The Data Analytics team has created a workspace for Sales reports, and they asked Jack to publish his reports, datasets, and dataflows in that workspace. Others in the data analytics team also have edit access to that workspace. Some test users use the same workspace to check the reports and the results. The end users are connecting to this environment through an App. The structure is something like the below;
The environment above uses one workspace to share between the developers (Jack and the data analytics team) and the test users. It then uses an App on top of that workspace for end users. In this scenario, the developers and end users are separated, but still, the developer is not separated from the test users. What if the developer is still trying some features and is not ready for the test? At the same time, the test users are testing the content, getting different outputs, and getting confused with the test process.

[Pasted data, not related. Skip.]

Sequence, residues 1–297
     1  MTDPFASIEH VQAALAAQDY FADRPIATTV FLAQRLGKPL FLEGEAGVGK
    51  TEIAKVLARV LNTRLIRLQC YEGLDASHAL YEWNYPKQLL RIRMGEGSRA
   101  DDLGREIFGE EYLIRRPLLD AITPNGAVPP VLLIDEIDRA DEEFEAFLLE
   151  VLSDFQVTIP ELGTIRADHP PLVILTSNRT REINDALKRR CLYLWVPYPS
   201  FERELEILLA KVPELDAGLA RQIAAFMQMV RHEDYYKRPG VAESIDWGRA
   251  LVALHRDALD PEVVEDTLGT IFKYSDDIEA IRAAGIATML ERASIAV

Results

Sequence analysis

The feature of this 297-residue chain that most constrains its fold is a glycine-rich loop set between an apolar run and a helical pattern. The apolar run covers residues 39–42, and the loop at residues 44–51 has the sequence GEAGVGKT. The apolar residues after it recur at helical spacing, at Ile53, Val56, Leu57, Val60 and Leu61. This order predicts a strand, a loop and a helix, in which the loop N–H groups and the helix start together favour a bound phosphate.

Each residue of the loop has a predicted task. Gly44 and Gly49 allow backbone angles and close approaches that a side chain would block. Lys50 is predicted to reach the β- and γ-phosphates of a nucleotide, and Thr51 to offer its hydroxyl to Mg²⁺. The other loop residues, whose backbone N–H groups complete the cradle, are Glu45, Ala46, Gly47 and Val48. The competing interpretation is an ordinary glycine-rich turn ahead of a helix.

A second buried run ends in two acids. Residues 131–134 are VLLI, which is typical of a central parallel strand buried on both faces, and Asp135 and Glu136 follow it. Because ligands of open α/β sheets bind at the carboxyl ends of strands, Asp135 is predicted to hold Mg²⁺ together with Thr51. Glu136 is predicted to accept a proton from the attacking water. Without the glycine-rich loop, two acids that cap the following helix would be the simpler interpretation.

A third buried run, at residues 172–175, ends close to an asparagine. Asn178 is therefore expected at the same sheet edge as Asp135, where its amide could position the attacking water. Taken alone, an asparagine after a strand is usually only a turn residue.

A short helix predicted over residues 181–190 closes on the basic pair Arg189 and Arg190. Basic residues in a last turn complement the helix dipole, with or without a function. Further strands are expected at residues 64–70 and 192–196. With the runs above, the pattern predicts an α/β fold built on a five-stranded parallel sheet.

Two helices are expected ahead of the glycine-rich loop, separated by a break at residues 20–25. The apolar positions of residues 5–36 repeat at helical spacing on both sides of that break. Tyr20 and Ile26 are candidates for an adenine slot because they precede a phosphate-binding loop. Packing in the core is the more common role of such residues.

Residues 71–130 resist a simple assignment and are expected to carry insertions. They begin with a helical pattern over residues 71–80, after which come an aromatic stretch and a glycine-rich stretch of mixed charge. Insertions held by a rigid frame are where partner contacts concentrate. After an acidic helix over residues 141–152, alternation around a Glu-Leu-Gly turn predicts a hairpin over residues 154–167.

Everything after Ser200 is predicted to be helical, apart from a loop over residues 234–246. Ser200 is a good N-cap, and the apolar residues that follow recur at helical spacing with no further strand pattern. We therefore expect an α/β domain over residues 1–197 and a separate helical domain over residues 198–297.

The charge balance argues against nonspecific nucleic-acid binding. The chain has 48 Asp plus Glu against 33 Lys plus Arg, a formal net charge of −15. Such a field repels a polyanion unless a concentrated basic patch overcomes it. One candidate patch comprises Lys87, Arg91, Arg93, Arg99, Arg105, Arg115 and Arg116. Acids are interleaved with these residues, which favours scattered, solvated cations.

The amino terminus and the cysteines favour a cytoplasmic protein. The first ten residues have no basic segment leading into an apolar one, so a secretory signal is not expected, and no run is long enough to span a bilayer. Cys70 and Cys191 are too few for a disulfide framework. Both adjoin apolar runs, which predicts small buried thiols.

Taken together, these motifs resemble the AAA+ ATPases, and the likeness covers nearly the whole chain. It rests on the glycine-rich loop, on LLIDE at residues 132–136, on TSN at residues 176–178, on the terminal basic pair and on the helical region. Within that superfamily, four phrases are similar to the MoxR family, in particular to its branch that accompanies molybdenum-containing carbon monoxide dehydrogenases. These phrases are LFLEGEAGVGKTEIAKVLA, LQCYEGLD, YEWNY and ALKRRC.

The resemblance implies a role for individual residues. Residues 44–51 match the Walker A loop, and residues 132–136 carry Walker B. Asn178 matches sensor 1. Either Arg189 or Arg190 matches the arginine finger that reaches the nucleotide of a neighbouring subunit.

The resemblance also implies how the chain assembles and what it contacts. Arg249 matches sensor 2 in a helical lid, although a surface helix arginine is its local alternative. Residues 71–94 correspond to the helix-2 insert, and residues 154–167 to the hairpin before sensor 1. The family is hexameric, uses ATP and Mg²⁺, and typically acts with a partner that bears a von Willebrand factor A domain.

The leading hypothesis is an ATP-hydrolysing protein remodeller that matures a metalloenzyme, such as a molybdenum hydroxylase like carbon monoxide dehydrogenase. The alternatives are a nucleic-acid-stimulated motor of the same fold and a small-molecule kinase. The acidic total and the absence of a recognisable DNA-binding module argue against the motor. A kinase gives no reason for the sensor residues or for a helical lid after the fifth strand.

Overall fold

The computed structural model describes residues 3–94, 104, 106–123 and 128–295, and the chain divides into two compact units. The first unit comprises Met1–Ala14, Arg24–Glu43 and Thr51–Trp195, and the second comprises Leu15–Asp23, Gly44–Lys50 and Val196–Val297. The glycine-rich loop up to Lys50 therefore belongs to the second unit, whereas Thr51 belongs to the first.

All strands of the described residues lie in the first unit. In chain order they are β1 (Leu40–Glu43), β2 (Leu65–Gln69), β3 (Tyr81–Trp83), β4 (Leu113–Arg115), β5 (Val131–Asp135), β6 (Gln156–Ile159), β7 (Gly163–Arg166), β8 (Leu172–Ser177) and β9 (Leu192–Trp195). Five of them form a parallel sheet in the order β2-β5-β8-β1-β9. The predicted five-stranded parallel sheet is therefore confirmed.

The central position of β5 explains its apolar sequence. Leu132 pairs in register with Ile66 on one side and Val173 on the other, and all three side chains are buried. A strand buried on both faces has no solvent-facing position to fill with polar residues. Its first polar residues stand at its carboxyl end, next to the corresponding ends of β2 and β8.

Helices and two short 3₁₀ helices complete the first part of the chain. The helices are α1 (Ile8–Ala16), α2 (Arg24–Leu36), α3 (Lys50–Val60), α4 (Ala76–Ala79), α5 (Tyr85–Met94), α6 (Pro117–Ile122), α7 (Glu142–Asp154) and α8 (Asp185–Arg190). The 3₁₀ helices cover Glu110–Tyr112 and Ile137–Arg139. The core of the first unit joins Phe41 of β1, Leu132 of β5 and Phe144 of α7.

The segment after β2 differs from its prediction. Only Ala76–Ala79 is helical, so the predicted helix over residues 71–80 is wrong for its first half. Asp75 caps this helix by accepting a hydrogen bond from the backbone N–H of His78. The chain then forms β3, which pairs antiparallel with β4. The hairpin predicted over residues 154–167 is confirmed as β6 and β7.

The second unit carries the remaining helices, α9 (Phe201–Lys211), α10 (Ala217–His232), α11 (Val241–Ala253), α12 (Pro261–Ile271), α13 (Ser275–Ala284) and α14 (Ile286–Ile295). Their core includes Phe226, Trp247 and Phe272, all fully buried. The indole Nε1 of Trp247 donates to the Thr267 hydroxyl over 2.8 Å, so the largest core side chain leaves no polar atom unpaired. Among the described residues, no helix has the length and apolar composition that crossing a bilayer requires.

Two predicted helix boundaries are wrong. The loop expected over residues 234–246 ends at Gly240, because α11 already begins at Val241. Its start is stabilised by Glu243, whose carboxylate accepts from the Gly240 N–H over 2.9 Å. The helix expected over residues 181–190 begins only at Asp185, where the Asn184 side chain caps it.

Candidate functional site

Separation of the Developer and Test environments can be done using another workspace. Here is the new structure;
The structure above is much better. When the developer makes changes, the test user won’t get impacted. So the developer team will do all their work, and when ready, they will deploy (or copy) the content into the Sales workspace. In that Sales workspace, the test user can test the content before publishing it to the end user.